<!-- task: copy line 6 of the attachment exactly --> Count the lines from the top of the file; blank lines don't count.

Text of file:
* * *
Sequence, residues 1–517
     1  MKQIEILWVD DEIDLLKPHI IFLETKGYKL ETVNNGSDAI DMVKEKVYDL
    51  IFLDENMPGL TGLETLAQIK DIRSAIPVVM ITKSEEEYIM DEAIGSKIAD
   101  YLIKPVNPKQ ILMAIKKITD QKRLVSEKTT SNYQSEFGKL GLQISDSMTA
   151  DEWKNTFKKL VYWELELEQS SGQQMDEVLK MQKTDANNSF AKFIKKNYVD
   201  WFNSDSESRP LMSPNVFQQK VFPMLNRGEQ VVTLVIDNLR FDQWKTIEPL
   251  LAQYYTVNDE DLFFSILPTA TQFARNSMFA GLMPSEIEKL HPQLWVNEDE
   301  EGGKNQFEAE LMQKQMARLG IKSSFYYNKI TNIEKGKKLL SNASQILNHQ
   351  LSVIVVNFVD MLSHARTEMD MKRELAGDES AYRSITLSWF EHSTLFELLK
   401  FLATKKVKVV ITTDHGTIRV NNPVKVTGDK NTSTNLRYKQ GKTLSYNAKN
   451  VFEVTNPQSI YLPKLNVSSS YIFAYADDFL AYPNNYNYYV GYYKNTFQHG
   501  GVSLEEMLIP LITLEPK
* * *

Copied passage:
   201  WFNSDSESRP LMSPNVFQQK VFPMLNRGEQ VVTLVIDNLR FDQWKTIEPL